Tuesday, 5 June 2018


A few years ago I was stopped by a traffic officer for yielding at a stop sign in a business area of my hometown. He told me that he was going to give me a fine for the offense and, of course, I took offense, which kicked me into retaliatory action. While he prepared his form, I prepared my impromptu presentation.

ith his belly in my face, I started slowly. “Can I ask you question while you write that?” I asked.
OK,” he replied coolly, expecting the reaction he gets from everyone.
“What percentage of people do you think do what I did and slow down at that stop sign without coming to a complete stop?”
He didn’t answer.
“Really,” I continued. “Is it five percent, ten percent, fifty percent or ninety percent?”
After a moment he said, “Ninety percent.”

“That’s interesting,” I reflected calmly. “So almost everyone does the same, which means that the stop sign should not be there. People are voting with their behaviour with the vast majority making themselves clear. And you, who works for the people, choose to give me a fine.”
“It’s the law,” he retorted.

“That’s interesting too,” I continued. “That’s the same law that twenty years ago didn’t recognise you as worthy of the vote.” That got to him. “The law changes, you know,” I asserted, “and it is seldom wise or fair or in service of people.”
He kept writing.

At that point someone walked across the road in front of us and I picked up on that too. “That guy over there,” I said, “isn’t he jaywalking?”
“Yes,” replied the cop.
“So why don’t you give him a fine too?” I asked.
“I am busy with you,” he said.
“So you are exercising your discretion,” I told him.
“Yes,” he confirmed.

“Well, I exercised my discretion when I paused at the stop sign,” I said. “I slowed down, assessed the situation, saw that it was safe to go, and didn’t put anyone at risk. What makes your discretion better than mine?”
He didn’t have an answer to that.
“Are you older than me or more educated?” I went on. “Why is your decision placed above mine?”
At this point he could contain himself no longer. “You should speak to my partner,” he said. “He thinks like you.”

e shouted out across the road to his colleague, who approached and joined the conversation. I greeted him in my friendly and intense way and ran through some of the points I’d already covered, and he laughed.
“You’re right,” he said.
“I know that I am,” I smiled.

“Do you think that giving me that fine is going to change my behaviour?” I asked. “I am going to keep driving using my best intelligence and you have made no attempt to advise me on any better way of doing things, which should be the real point here, not so?”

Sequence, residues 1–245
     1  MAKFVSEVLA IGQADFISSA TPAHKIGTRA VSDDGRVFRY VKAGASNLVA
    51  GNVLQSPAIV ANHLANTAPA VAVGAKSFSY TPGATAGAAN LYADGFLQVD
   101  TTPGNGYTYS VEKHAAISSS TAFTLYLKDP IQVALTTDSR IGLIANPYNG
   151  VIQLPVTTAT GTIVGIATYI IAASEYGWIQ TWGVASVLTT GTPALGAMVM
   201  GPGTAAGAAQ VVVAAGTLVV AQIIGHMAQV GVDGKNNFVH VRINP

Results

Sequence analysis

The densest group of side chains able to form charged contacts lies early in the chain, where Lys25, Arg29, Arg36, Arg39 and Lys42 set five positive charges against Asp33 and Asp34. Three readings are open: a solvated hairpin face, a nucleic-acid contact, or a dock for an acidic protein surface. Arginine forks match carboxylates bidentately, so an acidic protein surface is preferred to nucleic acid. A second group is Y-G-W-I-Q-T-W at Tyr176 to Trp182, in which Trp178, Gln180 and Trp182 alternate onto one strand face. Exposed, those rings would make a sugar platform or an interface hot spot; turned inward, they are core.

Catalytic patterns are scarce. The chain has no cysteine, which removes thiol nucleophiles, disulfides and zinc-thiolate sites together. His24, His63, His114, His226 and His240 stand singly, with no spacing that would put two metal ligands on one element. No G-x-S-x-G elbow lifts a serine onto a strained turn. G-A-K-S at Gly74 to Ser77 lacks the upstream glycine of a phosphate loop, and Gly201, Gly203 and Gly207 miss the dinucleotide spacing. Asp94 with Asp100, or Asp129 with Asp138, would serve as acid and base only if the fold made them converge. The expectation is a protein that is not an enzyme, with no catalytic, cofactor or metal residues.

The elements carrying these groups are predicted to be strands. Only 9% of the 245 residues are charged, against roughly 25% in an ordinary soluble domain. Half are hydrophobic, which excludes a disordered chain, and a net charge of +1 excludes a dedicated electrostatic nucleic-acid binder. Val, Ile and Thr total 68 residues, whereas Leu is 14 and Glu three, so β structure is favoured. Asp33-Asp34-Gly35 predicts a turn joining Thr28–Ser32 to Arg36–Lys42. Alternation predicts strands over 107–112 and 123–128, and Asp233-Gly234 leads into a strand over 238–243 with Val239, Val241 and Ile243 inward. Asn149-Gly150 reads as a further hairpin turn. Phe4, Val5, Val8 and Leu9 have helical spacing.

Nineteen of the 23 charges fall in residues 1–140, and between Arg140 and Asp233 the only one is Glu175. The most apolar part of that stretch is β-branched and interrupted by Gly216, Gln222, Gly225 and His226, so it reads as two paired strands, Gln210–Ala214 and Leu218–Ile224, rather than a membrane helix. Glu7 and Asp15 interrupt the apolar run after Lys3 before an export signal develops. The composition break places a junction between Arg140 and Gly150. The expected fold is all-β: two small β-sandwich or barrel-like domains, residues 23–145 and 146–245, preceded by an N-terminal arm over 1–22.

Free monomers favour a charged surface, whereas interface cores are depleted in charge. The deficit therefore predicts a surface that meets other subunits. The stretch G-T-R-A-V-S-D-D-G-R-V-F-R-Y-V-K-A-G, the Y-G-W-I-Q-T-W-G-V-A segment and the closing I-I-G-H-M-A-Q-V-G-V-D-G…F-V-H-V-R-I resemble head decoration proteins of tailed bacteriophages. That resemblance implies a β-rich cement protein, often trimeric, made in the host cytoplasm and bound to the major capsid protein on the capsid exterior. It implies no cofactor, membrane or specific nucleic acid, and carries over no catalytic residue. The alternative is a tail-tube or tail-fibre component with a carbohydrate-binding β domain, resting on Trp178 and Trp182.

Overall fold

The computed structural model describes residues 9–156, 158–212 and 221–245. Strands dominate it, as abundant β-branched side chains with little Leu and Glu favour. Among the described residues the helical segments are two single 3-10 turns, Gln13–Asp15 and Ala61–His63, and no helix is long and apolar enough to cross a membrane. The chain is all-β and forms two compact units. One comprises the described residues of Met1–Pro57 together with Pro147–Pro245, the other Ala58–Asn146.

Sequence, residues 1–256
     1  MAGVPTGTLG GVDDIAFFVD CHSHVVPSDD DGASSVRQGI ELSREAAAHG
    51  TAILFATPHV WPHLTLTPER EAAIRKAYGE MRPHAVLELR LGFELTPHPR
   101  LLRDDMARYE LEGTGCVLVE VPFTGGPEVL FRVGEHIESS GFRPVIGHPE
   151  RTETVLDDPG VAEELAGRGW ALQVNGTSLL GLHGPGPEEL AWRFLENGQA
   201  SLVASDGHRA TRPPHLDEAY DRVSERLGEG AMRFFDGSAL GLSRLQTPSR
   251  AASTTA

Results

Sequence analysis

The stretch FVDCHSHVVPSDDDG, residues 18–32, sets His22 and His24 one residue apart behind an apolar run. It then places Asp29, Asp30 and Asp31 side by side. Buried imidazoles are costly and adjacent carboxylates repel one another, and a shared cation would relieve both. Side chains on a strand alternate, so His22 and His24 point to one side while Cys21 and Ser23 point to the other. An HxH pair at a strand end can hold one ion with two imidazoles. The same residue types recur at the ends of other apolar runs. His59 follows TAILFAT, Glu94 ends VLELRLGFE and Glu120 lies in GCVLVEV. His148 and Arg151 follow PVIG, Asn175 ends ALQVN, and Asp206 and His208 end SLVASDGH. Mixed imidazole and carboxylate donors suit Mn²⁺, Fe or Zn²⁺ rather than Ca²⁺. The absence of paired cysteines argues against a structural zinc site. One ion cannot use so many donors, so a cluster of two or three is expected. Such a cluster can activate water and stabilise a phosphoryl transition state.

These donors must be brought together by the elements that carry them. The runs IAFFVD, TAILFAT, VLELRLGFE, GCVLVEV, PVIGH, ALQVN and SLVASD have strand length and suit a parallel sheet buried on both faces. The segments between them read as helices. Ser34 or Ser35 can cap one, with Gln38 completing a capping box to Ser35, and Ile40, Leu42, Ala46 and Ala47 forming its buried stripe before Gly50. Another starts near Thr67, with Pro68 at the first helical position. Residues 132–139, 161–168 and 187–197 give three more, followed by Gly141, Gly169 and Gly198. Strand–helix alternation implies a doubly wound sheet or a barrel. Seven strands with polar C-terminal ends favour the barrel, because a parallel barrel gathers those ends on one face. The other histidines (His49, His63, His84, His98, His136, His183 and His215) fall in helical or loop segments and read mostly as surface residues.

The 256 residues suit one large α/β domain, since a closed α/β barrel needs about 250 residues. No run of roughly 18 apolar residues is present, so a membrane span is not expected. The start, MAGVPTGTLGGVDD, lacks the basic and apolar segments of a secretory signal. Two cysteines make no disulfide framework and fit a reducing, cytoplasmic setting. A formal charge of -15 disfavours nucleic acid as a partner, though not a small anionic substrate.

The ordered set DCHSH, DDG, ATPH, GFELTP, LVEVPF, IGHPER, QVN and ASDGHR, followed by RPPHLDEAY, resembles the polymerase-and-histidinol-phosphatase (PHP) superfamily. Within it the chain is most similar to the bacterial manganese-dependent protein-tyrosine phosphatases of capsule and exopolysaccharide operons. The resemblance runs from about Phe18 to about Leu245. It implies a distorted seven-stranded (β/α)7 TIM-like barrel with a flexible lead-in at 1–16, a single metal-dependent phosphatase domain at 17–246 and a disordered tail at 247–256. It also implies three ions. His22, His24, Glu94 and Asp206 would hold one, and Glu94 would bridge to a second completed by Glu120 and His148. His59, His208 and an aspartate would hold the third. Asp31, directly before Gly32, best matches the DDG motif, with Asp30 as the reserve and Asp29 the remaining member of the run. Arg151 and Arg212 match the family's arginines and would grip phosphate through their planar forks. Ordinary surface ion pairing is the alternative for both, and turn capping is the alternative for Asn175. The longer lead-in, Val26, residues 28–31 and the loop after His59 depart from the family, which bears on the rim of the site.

They looked at me in disbelief.

“You’re just meeting daily income targets with those fines, not serving the community or improving the situation on the roads. Doesn’t it say on the side of your car, ‘Protect and Serve’?”
“Yes, we are given targets every morning before we leave the station,” the second cop said.
“There you go,” I nodded.

“One more thing,” I went on, “and I’m asking this man-to-man, as human beings, not to your uniform but to you as a person. Did you wear your safety belt when you drove here earlier?” Without waiting for an answer I said, “Because if not, that makes you a hypocrite. It should say on the side of the car, then, ‘Warning: Armed Hypocrite’, so that the community knows what we are dealing with.”
They were dumbstruck.

Driving my point home, I said, “So when you go to sleep tonight, just ask yourself if you are being true to yourself in what you do for a living. You may just be betraying your soul every day on this job.”

The second cop was laughing loudly at this point, loving every word of my argument, while the first just looked on.
I’ll tell you something,” the first one said. “I’ve had pregnant women in tears begging me to let them off and I have still given them the fine, but you, you are a dangerous man.”
That’s right,” I confirmed with a big smile. “Keep what I’ve said in mind,” I suggested, “because at some point you will be forced to be true to yourself in life.”

tating my speaking fee, I added, “When you are ready I can come and do a talk to your department about how to live and work in a more sincere and intelligent way.”

“We have to go now,” the second one said as a vehicle drove up with two more colleagues in it.
“Let me give you each of one of these,” I finished, handing them each a copy of my book INSIGHTS and placing a business card in the chapter called ‘Questions for the Cops’. “This is a gift for you. You are welcome to stay in touch once you have read it. I have given away many over the years but never heard from anyone again, not once.”

“Thank you,” they said as they jumped into the vehicle, did a U-Turn through the intersection and sped off without wearing safety belts.

Fine-free, I continued on my way.

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